Friday, September 22, 2006

Would you like a bomb with that meeting?

roundup of important political events in Kosovo and about Kosovo this week.

There have been four bomb attacks. The first three caused some material damage and were definitely designed to send a message to government officials. Details are missing yet but the the ones in Gjilan might be realated to decentralization and the unsatisfaction in that area about what is being planned.

The fourth one happenned in Klina with four members of a Serb family wounded from it. This was also designed to send a massage. The fact that it happened just a day before imporant decision-making meetings of the UNSC and the Contact Group - and the fact that every such meeting is preceded by similar attacks - makes me think it was well planned and with clear intentions. Just when arguments for independence are most needed these heineous crimes against defensless Serbs will happen. I would love to know who's doing them - they definitely are not friends of Kosovo. 

Sunday, September 17, 2006

Balkan Peace Park

British conservationists are working with Kosovo, Montenegro and Albania on creating a protected zone in the Accursed Mountains shared by the three countries. Here is a map of the area they intend to include (600 kb). As blogged previously on this blog, this area is underdeveloped and often cut-off from the world during the winter months. Underdevelopment can hurt the environment as much as development does. This could be a sustainable way of using this area to promote cooperation in the border area and preempt any undesirable development or destruction down the road.

I don't know about you but this just seems too enticing to me:

Whilst traveling in the region you will be able to sample some of the local produce. Local industries include honey-making, raki-making, cheese-making, baked goods, fresh fruits and vegetables, including wild strawberries and herbs (such as to make mountain tea).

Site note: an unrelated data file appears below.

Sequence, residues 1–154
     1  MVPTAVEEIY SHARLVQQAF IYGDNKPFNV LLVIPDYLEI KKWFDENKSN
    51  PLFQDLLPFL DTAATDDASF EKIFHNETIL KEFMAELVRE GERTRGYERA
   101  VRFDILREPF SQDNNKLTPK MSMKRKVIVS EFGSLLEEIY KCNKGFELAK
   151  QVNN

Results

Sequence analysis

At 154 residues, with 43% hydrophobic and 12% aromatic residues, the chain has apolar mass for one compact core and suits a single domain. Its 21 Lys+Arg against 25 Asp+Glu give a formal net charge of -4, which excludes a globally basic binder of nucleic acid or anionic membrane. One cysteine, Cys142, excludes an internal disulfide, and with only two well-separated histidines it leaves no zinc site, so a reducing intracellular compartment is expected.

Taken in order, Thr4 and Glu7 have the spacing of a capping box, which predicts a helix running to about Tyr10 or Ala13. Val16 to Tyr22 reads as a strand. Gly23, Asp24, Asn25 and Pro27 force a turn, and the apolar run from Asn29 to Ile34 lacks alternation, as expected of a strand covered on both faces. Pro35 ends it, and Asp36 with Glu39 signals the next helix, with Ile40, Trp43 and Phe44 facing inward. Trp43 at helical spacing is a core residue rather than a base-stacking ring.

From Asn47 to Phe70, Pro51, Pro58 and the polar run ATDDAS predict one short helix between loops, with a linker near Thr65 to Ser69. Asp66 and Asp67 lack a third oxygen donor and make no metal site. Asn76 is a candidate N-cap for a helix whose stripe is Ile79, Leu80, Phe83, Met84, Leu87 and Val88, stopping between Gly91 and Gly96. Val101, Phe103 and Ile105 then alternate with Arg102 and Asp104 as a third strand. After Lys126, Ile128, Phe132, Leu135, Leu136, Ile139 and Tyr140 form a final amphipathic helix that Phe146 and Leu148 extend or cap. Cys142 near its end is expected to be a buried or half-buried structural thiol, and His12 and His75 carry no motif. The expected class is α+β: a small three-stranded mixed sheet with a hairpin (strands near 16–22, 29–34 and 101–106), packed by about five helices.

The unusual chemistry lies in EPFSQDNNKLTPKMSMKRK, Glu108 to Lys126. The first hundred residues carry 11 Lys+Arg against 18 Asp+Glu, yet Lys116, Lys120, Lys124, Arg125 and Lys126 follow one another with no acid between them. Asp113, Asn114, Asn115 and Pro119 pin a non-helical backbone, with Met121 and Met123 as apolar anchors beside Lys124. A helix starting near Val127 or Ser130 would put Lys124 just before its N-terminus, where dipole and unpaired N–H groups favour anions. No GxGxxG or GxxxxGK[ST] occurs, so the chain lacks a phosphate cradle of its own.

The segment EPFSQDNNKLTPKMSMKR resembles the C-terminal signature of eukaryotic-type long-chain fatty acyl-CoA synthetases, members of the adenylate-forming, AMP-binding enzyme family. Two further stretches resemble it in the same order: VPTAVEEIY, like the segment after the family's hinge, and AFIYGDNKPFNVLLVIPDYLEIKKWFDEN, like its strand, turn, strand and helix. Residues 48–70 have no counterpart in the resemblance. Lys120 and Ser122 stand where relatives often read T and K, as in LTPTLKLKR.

Shala Mountains

Plav Lake
playing the national albanian instrument çifteli

Head to the official Balkan Peace Park Project web site and see if you can help them out.

Saturday, September 16, 2006

Howto make the Kosovar Nation

Cafe Babel brings a topic not familiar even to people familiar with Kosovo. You see we're builing a new nation but can't figure out what it means to be a Kosovar. This issue will become important once we start accepting national symbols designed in blue and yellow by our international friends.


Kosovo refugees in Prokupjle, Serbia struggle to make ends meet


Kosovo Parliament has voted down a request to make Turkish the third official language in the Prizren municipality. This is absolutely unacceptable.

Sunday, September 10, 2006

Serb President Boris Tadic visited Washington last week. The outcome of the meetings was/ was not opportune for Belgrade, as he relayed it live from Washington to his home audience. One has to genuinely wonder whether he really believed that he would achieve anything.

Serb lobby had actually tried to soften up the stance in Washington by playing these infomercials on two DC radio stations inviting the public to write to their congressmen. Have a listen!

powered by ODEO

The problem with the message is that DC population is awfully small and disinterested in the Balkans (it is mostly African-American) to care about to whom Kosovo goes to, on top of their representative not carrying a vote in congress. Some senators did write to Bush on July 28 regarding Kosovo, although all they asked from him is not to withdraw from Kosovo, which I second. The lobby has received the money and it has to spend it lobbying for something.

On the other hand the Albanian lobby responded with another very public appeal to the administration to support an independent Kosovo. It made a deal with McDonald's and KFC restaurants across DC to send forth its message through the in-your-face, primary-colored signs like the one below.

There is this train of thought among dog breeders that the moment a fighting dog drops his tail, he will be too weak to be a fighter anymore. I have the same idea with the communist taint of current political actors in the Balkans. Albanian PM Sali Berisha has made a smart move by enlisting the help of former US Department of Homeland Security Tom Ridge for his government and Albania. The details are still vague, although Ridge seems to be an accomplished and honorable man. I hope that veteran government leaders like Berisha (and his montenegrin countepart Milo Djukanovic, who seems to have won another election yesterday) will draw power from Ridge's example and retire from government and politics. They may open their own political consulting firms, go into charity, or even do a blog, but please retire from politics. The political scene in the Balkans needs new blood from people that are less divisive and don't have their resumes begin and end with politics.